4. Let your eyes adjust to the darkness for 5-10 minutes. As your eyes become used to the darkness, you will start to see better. This is your night-time vision! If you need light, use a piece of red cellophane to cover a torch. Red light doesn’t affect your night time vision.
  5. Find a comfy place to lie back. That way you won’t get a stiff neck from looking up while standing!
  6. Watch for moving things in the night sky. Meteors (shooting stars) look like bright, fast streaks of light. Satellites (like the International Space Station) look like a star that moves slowly and steadily across the night sky. Aeroplanes have flashing green and red lights.
  7. See if you can make pictures out of the stars. People have been doing this for thousands of years. There are 88 named constellations. Do you know any of them?
  8. See if you can see different coloured stars. Most look white in colour but others may appear yellow, orange or red.
  9. Use a pair of binoculars if you can and take a closer look. What might look like faint milky white smudges of light turn out to be countless numbers of stars!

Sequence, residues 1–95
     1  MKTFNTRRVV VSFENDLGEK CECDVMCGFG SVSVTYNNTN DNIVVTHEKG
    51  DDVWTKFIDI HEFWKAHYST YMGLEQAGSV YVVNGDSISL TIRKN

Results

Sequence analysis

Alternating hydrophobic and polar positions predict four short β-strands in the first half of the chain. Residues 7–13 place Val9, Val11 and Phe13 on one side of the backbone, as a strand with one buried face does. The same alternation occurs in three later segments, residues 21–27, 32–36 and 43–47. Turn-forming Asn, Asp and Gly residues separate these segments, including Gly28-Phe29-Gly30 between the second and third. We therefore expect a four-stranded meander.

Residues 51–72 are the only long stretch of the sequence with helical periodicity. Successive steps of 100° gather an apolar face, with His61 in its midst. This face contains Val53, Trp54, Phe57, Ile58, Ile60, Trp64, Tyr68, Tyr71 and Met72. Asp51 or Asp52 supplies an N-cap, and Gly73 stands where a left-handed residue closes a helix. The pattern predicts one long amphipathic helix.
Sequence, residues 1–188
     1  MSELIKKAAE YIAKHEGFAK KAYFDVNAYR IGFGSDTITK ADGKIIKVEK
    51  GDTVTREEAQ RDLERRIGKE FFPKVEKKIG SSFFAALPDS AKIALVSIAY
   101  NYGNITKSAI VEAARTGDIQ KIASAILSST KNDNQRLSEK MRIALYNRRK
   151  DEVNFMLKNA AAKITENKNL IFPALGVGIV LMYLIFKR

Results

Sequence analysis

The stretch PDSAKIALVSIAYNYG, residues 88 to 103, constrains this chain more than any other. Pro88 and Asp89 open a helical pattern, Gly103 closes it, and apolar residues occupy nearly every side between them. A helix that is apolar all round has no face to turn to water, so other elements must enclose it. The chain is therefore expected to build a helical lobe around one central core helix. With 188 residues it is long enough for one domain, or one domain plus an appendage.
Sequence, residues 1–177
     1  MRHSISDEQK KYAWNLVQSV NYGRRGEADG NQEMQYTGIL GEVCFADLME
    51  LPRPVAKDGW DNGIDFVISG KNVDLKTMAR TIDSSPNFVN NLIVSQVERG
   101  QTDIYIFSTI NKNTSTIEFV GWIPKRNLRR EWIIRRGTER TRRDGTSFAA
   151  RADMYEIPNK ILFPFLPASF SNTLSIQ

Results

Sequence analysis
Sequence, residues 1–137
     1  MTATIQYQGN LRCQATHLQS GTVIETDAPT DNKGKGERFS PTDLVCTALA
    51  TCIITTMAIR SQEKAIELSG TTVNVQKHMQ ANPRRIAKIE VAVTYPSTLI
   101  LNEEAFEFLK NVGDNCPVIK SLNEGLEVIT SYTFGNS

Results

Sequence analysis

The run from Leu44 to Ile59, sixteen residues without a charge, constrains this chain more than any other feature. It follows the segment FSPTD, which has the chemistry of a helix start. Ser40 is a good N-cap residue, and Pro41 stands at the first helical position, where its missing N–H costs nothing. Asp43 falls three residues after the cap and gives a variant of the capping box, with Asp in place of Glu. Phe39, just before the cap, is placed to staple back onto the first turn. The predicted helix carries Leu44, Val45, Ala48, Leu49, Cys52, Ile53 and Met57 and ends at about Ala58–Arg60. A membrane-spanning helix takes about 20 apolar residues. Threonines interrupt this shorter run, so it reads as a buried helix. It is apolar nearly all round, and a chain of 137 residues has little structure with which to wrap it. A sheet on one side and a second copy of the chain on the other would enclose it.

10. Cool drinks in summer and hot chocolate in winter are a must! Share with friends and family.


Out of this World Astronomy Events for 2015

One of the best things about observing the night sky is that it is in constant change and there are always new and interesting things to get excited about. Here are some of the most notable celestial events for 2015.

April 4 – Total Lunar Eclipse

May 22 – This is the best time to see and photograph Saturn and its moons as it will be at its closest approach to earth.

July 1 – Jupiter and Venus, the two brightest planets we see from Earth, will appear very close to each other in the evening sky.

August 13-14 – Perseids Meteor Shower. This is one of the best meteor showers to observe and produces up to 60 meteors per hour. This shower will be in the constellation Perseus and you can find it by looking northeast after midnight.

October 12 – Uranus will be at its closest approach to earth meaning that this is the best time to view the seventh planet from the sun. Unfortunately, it will only appear as a tiny blue-green dot in all but the most powerful telescopes.

December 13-14 – Geminids Meteor Shower. Considered one of the best meteor showers in the heavens, the Geminids Shower can produce up to 120 meteors per hour and occurs in the constellation of Gemini.

Want to know more?